are you too smart to fall for an online scam? take the google quiz that tests users' ability to spot phishing emails - smart

by:ITATOUCH     2019-08-12
are you too smart to fall for an online scam? take the google quiz that tests users\' ability to spot phishing emails  -  smart
Phishing attacks are one of the most common threats to the security of Internet users.
So Google hopes to help prevent you from being cheated by hackers through the new phishing quiz developed by the company's technology incubator, jisaw. The eight-
The question quiz allows users to go through many phishing scenarios and test if they can tell if the hypothetical attack is true.
Scrolling down videoGoogle's high-tech incubation, jigsaw puzzle, created a quiz that lets users pass through some phishing scenes and test if they can have millions of people click on fake links in phishing emails every day, to determine whether the hypothetical attack is true.
Jigsaw explains in a blog post that this information is intended to steal your password or let you download malware.
That's why we created a quiz to help you learn how to better discover phishing emails, along with the latest tips and techniques.
Jigsaw says it creates quizzes based on real phishing attempts and research on the "latest technology" deployed by hackers.
After the user registers with their name and email-
Neither of these must be true.
They present a series of examples of phishing.
For each slide, the user can choose between two buttons-
"Fishing" or "legal" if they think the email is true ".
Google will then tell you whether your choice is correct or not.
It also tells users why they use a series of pop-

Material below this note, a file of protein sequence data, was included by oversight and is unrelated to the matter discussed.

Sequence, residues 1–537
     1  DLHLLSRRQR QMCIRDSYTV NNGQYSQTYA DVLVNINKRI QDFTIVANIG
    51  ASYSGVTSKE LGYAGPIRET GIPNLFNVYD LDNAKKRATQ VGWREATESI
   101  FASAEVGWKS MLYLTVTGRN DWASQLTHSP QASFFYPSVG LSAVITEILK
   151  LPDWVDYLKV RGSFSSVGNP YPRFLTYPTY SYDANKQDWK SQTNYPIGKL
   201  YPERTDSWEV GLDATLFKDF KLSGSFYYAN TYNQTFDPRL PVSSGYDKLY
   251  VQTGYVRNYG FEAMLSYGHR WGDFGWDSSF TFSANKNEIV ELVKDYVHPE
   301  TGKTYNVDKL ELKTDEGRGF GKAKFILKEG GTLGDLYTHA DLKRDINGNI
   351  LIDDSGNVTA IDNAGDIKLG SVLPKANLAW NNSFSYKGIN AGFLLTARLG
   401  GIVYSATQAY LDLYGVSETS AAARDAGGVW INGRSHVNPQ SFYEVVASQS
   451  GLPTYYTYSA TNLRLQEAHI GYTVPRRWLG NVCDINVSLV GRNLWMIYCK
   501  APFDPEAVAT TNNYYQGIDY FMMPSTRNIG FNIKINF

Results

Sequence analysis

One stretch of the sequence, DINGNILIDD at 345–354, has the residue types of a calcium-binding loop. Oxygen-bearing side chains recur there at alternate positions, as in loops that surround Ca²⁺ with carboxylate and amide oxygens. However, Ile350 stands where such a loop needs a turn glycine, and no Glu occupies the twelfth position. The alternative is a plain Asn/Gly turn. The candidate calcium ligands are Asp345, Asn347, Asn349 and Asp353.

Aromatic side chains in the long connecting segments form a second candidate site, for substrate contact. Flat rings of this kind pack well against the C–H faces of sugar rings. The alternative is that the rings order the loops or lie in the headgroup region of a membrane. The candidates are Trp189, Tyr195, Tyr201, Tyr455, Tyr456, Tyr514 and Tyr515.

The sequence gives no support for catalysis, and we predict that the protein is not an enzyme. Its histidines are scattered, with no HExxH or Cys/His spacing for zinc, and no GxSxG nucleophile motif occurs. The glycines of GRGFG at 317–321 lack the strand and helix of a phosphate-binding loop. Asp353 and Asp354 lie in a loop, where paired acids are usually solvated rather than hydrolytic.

Ups on screen.
In the case of phishing mail, many of the same strategies have been used multiple times.
For example, suppose a hacker might hide a phishing link in an email that directs a user to a malicious version of Google Drive.
Users can judge that this is a phishing attack by noticing that the link starts with "htt" instead of "https.
It also links to a drive with the URL--google.
This is not correct.
In another case, the sender's email address may look strange after a careful check.
A question in the quiz tells the user that they have received a new fax message.
However, it is from "efacks" if the user looks at the email address ".
Instead of "E-Fax ". com.
"The actual hacker has been using this trick to subtly misspell the sender's email or URL so that the user can mistake it for something that is real.
Thanks to technologies such as machine learning, email services such as Gmail are increasingly able to detect these emails before they reach your inbox.
But hackers have become more sophisticated in recent years, which requires internet users to be more careful when clicking on links in emails or downloading attachments.
Almost anyone can be the prey of phishing mail.
As this Daily Mail proves.
Com Reporter only 6 questions in the test is correct.
Jigsaw even used a real Web fishing scene to help it develop examples for testing.
On 2016, Hillary Clinton's campaign manager, John Podesta, received a phishing email from Russian hackers to give them access to him.
On 2017, Google suffered a real phishing attack, with nearly 1 million users unknowingly clicking on a link in an email sent to a malicious Google Doc site.
To prevent such incidents from happening in the future, Jigsaw recommends that the user have two
Factor authentication is enabled, which requires users to enter a password and security verification code every time they log in.
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